True confessions: the puzzle never happened, because we were too tired and went to bed early; then woke up early again after our night in the cabin, but took it a little slower than usual, taking advantage of a kitchen to fix our picnic ahead of time (Antje) and consuming a leisurely cup of tea and the on-line news (Mark). The news from Lincoln were at least partially reassuring (although Mark’s dad is still on a ventilator for at least this one more day), so we decided to continue our travels–although with the goal to get a bit further north and reach the Boulder area a day earlier than planned.
We had really not planned out a direction for this particular day (unusual for us), so we decided to start by taking the scenic route from Fairplay via Breckinridge to the I-70. Mark had gone skiing at Breckinridge many times over the years (not since 2011, though, since I don’t ski), but he was amazed how many extra condos, shops, and infrastructure the already-touristy resort town had added over the years. I thought it was totally hideous, unsurprisingly–but the drive beyond it was awesome. We took Highway 6 to take the longer, Eastern route to I-70, which is the route over Loveland Pass that was the normal route before the Eisenhower tunnel was completed, but is now used mostly for scenic purposes and by the big fuel trucks that are not allowed in the tunnel. The view at 11,990 ft (thank you, Wikipedia) was fabulous, and since it was a balmy 50 degrees up there and not that windy at all, we got out and walked up the first “hill” of the ridge that starts at the pass. Beautiful view of the continental divide and of gorgeous mini wildflowers at the tundra level. We also visited a little snowmelt lake that was just about 500 feet off the summit of the pass, and walked all the way around it, snow and boulders and all, watching the snow run-offs and the buttercups and other plants that are just starting to bloom and bud.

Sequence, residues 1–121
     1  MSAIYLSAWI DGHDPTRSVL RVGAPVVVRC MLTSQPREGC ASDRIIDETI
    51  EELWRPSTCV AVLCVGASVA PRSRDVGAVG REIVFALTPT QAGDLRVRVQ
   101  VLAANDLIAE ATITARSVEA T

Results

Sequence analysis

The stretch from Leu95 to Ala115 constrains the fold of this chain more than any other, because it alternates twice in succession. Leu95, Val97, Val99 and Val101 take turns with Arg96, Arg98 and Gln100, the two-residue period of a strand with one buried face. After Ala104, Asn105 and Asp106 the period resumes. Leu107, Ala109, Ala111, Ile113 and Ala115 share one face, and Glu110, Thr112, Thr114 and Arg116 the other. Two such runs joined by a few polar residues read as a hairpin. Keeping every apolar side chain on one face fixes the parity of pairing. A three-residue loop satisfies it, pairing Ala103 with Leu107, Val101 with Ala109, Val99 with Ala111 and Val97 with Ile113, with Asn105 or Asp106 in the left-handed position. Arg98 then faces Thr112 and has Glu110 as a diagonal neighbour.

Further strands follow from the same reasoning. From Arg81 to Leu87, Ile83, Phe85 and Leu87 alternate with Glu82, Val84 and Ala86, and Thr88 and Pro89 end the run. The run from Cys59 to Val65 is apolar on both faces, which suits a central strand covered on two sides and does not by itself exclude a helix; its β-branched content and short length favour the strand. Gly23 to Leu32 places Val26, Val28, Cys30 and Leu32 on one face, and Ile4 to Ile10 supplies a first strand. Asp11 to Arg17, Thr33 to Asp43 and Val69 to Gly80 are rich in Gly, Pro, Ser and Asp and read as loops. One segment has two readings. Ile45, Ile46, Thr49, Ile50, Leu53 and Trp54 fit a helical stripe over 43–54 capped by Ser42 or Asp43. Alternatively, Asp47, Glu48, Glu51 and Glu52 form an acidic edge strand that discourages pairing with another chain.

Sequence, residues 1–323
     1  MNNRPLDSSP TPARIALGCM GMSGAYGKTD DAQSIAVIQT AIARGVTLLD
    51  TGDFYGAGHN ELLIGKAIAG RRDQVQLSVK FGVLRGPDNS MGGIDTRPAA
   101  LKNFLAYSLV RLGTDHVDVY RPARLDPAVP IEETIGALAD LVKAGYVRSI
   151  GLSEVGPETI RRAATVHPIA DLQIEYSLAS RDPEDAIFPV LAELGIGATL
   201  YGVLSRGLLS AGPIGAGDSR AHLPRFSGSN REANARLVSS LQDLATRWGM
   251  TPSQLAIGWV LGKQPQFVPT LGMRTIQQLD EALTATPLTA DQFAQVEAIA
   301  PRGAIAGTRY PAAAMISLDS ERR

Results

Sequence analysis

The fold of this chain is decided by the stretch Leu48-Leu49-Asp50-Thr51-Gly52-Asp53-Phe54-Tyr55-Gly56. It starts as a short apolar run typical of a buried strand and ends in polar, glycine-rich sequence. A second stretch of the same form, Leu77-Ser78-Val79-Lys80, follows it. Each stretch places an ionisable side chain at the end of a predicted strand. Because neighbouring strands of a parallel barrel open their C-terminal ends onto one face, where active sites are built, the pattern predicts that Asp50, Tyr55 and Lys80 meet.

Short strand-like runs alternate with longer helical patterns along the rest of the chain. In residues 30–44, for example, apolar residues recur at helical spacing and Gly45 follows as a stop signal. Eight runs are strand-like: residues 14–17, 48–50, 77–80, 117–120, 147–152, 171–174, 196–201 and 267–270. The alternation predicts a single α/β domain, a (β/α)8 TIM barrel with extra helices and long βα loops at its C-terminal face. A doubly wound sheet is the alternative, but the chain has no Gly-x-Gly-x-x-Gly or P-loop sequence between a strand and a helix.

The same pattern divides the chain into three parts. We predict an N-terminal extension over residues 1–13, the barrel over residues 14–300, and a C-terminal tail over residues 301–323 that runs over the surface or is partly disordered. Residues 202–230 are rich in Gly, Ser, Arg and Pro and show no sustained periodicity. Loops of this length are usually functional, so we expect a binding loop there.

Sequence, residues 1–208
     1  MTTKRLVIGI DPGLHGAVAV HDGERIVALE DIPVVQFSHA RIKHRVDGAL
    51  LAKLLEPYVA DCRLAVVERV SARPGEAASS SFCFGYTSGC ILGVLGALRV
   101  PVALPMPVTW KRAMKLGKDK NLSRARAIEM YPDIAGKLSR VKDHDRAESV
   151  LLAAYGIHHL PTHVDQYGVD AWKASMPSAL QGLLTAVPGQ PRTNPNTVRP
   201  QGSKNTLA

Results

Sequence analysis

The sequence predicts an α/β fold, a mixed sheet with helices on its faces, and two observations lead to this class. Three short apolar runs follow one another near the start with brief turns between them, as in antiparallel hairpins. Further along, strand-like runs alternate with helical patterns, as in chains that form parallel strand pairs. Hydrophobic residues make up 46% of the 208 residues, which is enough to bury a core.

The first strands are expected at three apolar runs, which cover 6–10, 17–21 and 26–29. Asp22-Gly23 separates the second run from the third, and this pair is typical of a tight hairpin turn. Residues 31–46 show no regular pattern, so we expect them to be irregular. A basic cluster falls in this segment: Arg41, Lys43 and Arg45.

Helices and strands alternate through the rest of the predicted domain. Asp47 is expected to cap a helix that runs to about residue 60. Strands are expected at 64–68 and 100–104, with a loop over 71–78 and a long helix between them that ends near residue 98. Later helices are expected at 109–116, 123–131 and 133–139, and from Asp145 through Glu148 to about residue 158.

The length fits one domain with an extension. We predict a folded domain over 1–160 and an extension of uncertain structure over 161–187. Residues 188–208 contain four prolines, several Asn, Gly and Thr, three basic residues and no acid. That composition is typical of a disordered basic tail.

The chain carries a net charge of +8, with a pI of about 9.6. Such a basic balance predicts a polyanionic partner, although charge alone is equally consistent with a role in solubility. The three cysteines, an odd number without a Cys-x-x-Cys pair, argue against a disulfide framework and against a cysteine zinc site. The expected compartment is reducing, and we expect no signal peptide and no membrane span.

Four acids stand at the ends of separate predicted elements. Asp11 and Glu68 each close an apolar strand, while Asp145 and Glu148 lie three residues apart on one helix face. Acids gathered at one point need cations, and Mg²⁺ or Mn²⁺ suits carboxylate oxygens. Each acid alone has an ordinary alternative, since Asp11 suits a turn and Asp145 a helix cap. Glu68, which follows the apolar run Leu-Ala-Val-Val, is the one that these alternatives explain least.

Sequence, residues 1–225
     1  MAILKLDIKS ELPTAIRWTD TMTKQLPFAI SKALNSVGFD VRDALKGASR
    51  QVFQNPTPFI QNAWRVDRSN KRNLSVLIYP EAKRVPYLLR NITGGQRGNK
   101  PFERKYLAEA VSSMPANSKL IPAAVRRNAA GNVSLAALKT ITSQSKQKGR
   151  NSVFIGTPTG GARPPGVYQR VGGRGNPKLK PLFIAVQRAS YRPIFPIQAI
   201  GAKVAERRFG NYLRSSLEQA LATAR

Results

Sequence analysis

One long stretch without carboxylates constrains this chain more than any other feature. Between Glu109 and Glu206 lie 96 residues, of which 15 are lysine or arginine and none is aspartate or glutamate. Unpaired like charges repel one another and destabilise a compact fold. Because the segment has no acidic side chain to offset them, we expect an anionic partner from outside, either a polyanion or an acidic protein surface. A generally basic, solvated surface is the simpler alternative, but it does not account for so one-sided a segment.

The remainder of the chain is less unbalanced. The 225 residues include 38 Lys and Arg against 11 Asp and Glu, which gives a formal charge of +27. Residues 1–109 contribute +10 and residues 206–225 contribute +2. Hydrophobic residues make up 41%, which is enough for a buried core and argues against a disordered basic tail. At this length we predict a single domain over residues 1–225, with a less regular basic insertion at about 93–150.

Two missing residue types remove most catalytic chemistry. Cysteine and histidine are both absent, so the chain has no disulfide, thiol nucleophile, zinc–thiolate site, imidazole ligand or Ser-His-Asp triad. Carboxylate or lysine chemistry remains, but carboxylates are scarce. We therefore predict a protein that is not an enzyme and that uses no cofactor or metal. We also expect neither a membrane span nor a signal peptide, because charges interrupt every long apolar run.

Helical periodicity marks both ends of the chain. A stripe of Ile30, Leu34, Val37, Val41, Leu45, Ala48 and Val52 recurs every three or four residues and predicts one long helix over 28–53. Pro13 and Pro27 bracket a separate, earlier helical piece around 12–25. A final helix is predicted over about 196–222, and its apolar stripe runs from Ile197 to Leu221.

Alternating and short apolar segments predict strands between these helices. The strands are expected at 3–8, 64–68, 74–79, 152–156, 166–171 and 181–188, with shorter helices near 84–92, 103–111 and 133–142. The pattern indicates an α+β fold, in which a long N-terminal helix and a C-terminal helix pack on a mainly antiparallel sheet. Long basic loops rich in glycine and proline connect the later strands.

Then we drove on from the pass to the I-70 and thereby the fast route to Idaho Springs, which turned out to be my favorite town so far–it did have all the traffic it needed to make an old late-19th century Main Street into a functioning tourist attraction with cafes and shops (unlike Fairplay or Nederland, where few businesses survive more than a year or two), but not so much that it just becomes the ski resort super wealth claptrap that I found so unpleasant in Telluride, or the 20-taffy-shops-in-a-row thing that Estes Park has going). We sat down in a quirky, pleasant cafe with good latte and even better “upside down muffins” with apples and caramel topping (not to mention with a sign for “Parrot Coffee” from the Hargreaves Mercantile Company of Lincoln NE as bathroom decor–dorks that we are, we promptly had to look up that particular company, which used to operate out of the Haymarket area in Lincoln). We even got a cookie to go with our picnic later, and then left town a little before 11 to continue on another scenic route–to Echo Lake Park and then on to Mount Evans on the Mount Evans Scenic Byway, “the highest paved road in North America.”